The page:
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Offer: Data in Motion: 25 Years of Demographic and Health Surveys

Please join the Environmental Change and Security Program for a
discussion of

Data in Motion: 25 Years of Demographic and Health Surveys

featuring

Hans Rosling, Professor of International Health, Karolinska Institutet,
and Director, Gapminder Foundation

Tuesday, May 26, 2009
3:00 p.m. - 5:00 p.m.
Reception to follow
6th Floor Flom Auditorium
Woodrow Wilson International Center for Scholars
1300 Pennsylvania Avenue, NW
Washington, DC 20004 USA

For the past 25 years, Demographic and Health Surveys (DHS) have
provided a large body of, high-quality, nationally representative and
cross-nationally comparable data on population and health in more than
70 developing countries. Funded by the U.S. Agency for International
Development, these surveys have proven invaluable for developing-country
governments and their ministries of health; NGO field and headquarters
staff; researchers; donors; and others concerned with health and
development.

Using his dynamic Trendalyzer software--which was recently bought by
Google--Hans Rosling will bring DHS numbers to life, demonstrating how
reproductive health impacts poverty, maternal mortality, and other
health indicators. He will also show how the slow but steady convergence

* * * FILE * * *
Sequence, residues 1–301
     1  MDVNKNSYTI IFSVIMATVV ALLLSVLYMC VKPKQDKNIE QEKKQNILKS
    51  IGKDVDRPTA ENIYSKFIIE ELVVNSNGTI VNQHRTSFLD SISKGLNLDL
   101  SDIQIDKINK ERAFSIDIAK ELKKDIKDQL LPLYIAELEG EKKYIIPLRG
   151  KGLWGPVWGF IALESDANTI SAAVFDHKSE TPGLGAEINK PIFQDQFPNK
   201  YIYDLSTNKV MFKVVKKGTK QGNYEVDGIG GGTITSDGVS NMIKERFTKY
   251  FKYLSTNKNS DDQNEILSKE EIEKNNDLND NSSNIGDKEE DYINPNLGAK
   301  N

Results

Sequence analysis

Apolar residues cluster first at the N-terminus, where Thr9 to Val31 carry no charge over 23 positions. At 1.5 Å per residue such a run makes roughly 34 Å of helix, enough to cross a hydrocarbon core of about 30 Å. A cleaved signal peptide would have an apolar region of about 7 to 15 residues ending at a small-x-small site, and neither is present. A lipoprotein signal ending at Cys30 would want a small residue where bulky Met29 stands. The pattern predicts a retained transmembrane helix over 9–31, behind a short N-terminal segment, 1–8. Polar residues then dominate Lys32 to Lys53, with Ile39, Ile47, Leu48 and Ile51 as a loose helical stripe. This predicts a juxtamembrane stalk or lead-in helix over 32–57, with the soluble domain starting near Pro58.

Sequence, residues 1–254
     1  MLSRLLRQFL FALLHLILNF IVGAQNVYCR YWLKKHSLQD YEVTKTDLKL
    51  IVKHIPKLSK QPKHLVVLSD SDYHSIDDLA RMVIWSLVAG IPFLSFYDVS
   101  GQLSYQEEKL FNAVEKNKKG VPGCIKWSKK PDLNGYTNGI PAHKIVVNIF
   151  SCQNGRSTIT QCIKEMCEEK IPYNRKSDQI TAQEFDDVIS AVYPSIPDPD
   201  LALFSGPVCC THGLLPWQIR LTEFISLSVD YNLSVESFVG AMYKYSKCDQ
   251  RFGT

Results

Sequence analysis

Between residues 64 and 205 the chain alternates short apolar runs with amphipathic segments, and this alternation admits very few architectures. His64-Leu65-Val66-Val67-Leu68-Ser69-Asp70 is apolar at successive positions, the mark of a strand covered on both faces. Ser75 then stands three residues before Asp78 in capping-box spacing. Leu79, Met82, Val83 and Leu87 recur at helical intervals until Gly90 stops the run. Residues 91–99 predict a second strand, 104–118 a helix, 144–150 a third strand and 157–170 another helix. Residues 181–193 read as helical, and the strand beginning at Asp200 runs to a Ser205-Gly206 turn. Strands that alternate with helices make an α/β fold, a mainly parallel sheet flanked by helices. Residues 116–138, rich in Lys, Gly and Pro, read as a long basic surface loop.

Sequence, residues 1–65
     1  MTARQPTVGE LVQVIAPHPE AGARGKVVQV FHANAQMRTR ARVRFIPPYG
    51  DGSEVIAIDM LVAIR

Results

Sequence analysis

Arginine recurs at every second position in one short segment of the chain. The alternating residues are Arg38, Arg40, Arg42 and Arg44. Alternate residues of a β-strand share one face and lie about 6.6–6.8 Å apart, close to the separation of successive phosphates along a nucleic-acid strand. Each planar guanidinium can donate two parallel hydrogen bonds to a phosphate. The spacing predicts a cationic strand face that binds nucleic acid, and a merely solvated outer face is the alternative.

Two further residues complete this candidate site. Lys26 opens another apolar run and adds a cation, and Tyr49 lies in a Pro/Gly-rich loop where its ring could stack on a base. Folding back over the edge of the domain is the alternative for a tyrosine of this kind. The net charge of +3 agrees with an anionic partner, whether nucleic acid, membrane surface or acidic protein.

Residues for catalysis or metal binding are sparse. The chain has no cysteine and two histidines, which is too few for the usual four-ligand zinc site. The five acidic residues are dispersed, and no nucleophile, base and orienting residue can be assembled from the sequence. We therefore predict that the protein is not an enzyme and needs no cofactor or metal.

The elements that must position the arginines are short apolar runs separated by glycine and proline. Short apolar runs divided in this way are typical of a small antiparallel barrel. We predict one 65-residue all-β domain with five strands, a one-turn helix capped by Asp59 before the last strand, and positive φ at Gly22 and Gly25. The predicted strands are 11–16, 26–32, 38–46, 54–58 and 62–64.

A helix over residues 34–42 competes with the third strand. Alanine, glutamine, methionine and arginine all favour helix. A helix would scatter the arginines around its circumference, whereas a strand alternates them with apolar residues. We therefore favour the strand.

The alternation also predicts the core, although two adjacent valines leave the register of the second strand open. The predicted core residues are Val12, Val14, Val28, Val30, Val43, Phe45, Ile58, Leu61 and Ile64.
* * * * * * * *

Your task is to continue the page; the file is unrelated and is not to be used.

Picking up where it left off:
of life conditions has made the division of countries into “Western”
and “developing” categories an outdated and unhelpful concept.

Rosling is a professor of international health at the Karolinska
Institutet in Stockholm and director of the Gapminder Foundation, which
developed the Trendalyzer software system. Rosling's dynamic
presentations showing international statistics as moving, interactive
graphics have been highlights at conferences, including the visionary
technology summit TED. While serving as a district medical officer in
northern Mozambique, he discovered konzo, a formerly unrecognized
paralytic disease that is induced by hunger and malnutrition.

If you are interested, but unable to attend the event, please tune into
the live or archived webcast at www.wilsoncenter.org. The live webcast
will begin approximately 10 minutes after the posted meeting time. You
will need Windows Media Player to watch the webcast. To download the
free player, visit:
http://www.microsoft.com/windows/windowsmedia/download.

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